• Other economically inactive households (46%)

  • Poverty rate of the retired was 22%

  • The rate of the working poor was only 11%

Table 9

The poor households by labor market status in 1993, E 12

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Because these results from the first wave of the European Community Household Panel are not comparable to the results of former poverty research of EUROSTAT, there is no available information about the development of the poverty problem in the European Union. So again, it is necessary to go back to the findings of the aforementioned OECD survey (see OECD 1998).

According to Table 10, the development of poverty rates in the time period between the mid-1980s and the mid-1990s showed no uniform picture in Europe. While countries like Belgium, Denmark, France and Finland were characterized by a declining poverty rate, in others like Italy, the Netherlands, Germany, Norway and Sweden, poverty was increasing. Poverty fell in the United States in the most recent period (1985-1995), although this fall did not offset the increase in the previous decade.

In general, these trends in poverty seem to reflect the patterns of change rather than the overall trends in income inequality;

  • Countries where the largest losses in income shares occurred in the middle income quintiles and were characterized by a "hollowing out" of the middle, showed declining poverty rates (Belgium, France, Finland, and – in the last decade – the USA).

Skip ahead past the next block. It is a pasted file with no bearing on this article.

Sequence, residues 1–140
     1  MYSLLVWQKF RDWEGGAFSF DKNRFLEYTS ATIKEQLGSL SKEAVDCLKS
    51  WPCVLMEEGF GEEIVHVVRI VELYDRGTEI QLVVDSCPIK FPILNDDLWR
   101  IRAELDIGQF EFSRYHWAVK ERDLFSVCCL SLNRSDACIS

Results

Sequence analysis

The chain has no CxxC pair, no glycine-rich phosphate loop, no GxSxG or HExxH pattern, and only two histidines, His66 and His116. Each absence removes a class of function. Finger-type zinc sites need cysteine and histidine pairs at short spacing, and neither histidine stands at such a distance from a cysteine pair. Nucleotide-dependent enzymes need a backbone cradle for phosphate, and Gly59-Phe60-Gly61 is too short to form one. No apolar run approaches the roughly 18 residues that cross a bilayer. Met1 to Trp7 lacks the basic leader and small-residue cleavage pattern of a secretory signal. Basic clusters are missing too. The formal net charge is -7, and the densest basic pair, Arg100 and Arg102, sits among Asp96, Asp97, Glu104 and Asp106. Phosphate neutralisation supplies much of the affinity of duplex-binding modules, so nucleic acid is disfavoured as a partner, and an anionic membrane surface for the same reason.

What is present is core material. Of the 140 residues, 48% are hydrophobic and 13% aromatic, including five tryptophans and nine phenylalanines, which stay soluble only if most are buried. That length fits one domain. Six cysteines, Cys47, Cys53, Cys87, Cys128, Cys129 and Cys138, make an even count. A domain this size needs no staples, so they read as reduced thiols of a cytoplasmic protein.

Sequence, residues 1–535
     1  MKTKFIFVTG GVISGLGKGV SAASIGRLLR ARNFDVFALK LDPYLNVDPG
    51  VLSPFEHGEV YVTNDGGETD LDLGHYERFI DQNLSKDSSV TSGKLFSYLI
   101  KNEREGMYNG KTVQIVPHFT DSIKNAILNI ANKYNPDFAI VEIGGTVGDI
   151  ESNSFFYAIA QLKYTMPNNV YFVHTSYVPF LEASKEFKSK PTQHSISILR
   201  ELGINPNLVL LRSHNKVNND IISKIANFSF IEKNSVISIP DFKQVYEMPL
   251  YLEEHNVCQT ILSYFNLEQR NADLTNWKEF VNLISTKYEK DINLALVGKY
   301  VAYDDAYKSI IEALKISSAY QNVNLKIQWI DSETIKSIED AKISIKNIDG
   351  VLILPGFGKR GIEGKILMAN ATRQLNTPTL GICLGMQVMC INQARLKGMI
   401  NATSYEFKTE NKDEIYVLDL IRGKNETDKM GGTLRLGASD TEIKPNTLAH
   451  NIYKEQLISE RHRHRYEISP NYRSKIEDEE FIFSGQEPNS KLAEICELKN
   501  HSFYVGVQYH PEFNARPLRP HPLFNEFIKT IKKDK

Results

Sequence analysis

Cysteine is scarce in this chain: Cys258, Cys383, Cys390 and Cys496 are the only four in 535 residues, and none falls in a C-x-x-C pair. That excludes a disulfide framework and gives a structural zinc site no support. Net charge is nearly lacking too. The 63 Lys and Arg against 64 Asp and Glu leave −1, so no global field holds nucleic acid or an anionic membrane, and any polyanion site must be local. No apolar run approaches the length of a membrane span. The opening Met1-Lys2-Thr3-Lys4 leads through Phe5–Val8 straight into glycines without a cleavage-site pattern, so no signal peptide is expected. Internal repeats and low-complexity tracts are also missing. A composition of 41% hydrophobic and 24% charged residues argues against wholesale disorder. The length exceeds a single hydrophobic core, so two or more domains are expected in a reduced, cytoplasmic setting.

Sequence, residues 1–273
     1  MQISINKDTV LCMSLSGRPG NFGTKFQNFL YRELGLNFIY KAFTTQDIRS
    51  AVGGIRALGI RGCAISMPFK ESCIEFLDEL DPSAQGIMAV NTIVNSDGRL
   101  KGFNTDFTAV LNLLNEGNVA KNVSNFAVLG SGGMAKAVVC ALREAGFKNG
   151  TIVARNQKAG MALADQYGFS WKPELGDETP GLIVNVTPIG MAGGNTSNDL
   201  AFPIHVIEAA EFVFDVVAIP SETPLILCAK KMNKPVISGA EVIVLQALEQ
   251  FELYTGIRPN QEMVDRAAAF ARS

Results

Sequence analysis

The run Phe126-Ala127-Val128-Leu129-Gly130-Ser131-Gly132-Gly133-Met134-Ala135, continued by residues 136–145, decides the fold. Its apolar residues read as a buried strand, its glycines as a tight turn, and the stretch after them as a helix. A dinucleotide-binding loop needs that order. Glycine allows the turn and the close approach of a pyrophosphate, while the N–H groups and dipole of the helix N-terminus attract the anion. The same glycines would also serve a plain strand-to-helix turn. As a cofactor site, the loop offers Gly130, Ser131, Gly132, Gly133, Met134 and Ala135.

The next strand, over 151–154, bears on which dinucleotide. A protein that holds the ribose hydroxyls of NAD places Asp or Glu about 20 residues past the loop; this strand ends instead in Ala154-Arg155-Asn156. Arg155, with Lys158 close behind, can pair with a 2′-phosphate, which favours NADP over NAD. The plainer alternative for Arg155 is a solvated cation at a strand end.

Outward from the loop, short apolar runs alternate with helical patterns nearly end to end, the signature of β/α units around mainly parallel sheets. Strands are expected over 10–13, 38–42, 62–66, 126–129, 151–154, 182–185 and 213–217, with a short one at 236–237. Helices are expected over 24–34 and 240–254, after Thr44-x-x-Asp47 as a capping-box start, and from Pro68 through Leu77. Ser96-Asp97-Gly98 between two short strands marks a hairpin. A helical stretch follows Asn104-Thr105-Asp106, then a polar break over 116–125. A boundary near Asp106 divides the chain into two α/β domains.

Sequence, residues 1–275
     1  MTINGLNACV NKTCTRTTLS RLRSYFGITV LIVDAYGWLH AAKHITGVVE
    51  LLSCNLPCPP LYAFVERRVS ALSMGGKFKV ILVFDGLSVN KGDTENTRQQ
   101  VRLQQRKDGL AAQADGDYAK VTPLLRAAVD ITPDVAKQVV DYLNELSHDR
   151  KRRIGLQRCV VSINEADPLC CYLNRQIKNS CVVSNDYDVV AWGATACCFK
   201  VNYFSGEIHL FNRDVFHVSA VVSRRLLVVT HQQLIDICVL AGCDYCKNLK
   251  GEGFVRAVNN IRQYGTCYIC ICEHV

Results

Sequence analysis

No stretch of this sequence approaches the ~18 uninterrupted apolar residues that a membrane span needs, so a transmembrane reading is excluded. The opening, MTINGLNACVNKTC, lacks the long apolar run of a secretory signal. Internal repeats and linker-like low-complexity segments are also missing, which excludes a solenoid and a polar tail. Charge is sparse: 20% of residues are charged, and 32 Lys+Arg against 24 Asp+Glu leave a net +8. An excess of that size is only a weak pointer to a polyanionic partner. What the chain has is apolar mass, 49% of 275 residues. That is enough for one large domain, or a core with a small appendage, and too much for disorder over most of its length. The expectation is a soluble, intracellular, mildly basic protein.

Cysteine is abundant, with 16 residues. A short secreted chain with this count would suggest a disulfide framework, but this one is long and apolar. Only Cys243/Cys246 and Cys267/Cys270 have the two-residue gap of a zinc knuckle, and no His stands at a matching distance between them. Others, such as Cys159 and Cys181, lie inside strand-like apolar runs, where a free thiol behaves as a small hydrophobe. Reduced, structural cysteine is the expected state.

• Countries where changes in inequality largely occurred at the extremes of the distribution showed a tendency towards increasing poverty rates (Germany, Italy, the Netherlands, Norway).

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Table 10

Trends in poverty in Europe and the USA

Changes in percentage points of poverty rates
(50% of median equivalent disposable household income, using an equivalence scale of 0.5)

































Source OECD 1998a: 52

4 Perspectives and Options

What are the main findings, and which conclusions and policy recommendations can be drawn from them?

According to the empirical findings on the levels and changes of inequality and poverty, it can be distinguished (see Chart 6) that:

  • On the one hand, the Scandinavian and the Continental European countries with their highly developed welfare states show a relatively low degree of inequality and poverty.

  • On the other hand, the Southern European and the Anglo-Saxon countries are characterized by a relatively high degree of inequality and poverty.

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Chart 6

Type of welfare state, inequality and poverty

Type of

of household











Southern European/



Source: Hanesch